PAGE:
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Voyeurism -ˌiz-əm

(Voyeuristic Disorder)

By George R. Brown, MD, Chief of Psychiatry;Professor and Associate Chairman, Department of Psychiatry, Mountain home VAMC, Johnson City, TN;East Tennessee State University

Voyeurism involves becoming sexually aroused by watching someone who is disrobing, naked, or engaged in sexual activity. Voyeuristic disorder involves acting on voyeuristic urges or fantasies or being distressed by or unable to function because of those urges and fantasies.

Voyeurism is form of paraphilia. Most people with voyeuristic tendencies do not have voyeuristic disorder.

In voyeurism, it is the act of observing (peeping) that is arousing, not sexual activity with the observed person. Voyeurs do not seek sexual contact with the people being observed. When voyeurs observe unsuspecting people, they may have problems with the law.

Voyeurism usually begins during adolescence or early adulthood. Some degree of voyeurism is common, more among boys and men but increasingly among women. Society often regards mild forms of this behavior as normal when involving consenting adults. Viewing sexually explicit pictures and shows, now widely available in private on the Internet, is not considered voyeurism because it lacks the element of secret observation, which is the hallmark of voyeurism.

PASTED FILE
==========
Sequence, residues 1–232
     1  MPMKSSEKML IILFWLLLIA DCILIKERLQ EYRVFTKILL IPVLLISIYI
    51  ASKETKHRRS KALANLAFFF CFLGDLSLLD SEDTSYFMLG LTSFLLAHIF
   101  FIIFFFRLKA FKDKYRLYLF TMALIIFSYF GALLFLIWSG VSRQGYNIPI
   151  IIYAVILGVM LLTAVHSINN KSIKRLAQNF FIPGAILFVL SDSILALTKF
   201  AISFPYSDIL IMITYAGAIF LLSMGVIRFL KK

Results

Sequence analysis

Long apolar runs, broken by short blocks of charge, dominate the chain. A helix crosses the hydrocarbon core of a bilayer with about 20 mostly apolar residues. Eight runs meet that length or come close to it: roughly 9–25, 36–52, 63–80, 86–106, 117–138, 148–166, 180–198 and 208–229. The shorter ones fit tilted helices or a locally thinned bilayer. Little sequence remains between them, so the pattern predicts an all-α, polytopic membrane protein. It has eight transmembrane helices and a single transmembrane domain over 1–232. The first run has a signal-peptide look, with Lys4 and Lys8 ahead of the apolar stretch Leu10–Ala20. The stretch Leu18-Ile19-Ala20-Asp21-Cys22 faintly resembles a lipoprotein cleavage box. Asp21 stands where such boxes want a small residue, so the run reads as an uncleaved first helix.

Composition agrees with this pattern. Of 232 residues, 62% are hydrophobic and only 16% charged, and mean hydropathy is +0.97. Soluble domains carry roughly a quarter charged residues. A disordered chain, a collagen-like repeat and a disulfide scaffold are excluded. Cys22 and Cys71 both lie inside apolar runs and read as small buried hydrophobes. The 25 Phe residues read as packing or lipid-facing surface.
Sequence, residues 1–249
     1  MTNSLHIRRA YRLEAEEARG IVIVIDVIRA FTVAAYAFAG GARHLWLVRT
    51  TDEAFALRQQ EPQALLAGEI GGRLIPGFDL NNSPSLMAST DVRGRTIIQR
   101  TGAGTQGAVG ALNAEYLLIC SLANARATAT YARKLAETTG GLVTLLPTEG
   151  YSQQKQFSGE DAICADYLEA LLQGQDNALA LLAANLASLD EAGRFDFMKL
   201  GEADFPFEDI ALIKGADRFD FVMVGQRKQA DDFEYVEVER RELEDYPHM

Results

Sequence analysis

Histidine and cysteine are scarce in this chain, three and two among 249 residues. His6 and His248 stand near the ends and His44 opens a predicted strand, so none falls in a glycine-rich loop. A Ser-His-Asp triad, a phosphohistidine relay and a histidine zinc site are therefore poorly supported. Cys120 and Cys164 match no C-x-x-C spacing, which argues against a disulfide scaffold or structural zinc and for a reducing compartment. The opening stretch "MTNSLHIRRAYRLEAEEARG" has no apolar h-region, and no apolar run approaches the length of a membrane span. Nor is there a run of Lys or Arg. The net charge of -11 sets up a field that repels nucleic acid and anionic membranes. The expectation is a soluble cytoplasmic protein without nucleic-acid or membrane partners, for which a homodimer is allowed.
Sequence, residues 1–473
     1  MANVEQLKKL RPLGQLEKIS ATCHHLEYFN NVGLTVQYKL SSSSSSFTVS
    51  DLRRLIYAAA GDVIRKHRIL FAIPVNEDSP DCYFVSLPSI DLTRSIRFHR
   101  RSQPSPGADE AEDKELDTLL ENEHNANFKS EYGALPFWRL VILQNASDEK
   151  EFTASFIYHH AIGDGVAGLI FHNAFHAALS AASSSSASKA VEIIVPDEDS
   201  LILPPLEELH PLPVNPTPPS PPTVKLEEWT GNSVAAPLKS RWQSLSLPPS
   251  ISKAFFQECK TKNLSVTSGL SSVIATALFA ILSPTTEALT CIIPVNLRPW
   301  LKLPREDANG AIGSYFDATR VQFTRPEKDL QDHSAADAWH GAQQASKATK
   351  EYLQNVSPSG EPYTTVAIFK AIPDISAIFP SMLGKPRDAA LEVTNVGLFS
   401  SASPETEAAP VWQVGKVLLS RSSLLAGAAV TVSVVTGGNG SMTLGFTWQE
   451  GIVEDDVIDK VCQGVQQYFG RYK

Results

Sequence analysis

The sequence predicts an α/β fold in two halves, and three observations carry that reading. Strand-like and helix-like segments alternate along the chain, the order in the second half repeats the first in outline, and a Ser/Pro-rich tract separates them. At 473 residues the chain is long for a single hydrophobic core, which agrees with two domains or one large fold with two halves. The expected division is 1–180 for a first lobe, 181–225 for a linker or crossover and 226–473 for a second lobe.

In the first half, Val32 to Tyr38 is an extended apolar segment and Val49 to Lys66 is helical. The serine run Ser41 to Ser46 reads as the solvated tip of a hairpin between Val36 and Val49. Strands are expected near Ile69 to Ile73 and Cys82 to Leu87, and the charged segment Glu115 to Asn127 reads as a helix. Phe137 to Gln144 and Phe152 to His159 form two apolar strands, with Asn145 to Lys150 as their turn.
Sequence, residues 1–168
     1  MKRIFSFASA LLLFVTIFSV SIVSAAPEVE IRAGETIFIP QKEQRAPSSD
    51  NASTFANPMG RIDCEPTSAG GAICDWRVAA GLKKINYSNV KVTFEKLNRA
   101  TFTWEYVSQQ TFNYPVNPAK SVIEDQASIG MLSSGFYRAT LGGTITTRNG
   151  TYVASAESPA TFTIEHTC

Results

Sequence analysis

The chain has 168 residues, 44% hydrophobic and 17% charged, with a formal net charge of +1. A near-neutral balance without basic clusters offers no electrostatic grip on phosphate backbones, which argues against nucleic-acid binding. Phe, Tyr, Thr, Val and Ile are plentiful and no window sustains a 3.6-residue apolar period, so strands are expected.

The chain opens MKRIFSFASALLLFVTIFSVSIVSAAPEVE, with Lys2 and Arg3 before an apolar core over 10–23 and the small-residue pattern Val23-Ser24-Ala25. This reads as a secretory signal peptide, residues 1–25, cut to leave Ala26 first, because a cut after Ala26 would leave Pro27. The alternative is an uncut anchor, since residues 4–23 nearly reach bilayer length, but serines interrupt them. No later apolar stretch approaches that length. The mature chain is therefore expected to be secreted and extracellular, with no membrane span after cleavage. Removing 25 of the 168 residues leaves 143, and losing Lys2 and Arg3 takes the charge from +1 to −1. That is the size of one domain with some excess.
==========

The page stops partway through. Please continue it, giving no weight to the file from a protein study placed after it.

Voyeuristic disorder is much more common among men. When voyeurism is a disorder, voyeurs spend a lot of time seeking out viewing opportunities. As a result, they may neglect important aspects of their life and not fulfill their responsibilities. Voyeurism may become the preferred method of sexual activity and consume countless hours of watching.


  • Psychotherapy, support groups, and certain antidepressants

  • Sometimes other drugs

When voyeurs are arrested, treatment usually begins. It includes psychotherapy, support groups, and antidepressants called selective serotonin reuptake inhibitors (SSRIs).

If these drugs are ineffective, drugs that alter the sex drive and reduce testosterone levels may be used. These drugs include leuprolide and medroxyprogesterone acetate. People must give their informed consent to the use of these drugs, and doctors periodically do blood tests to monitor the drug’s effects on liver function, as well as other tests (including bone density tests and blood tests to measure testosterone levels).

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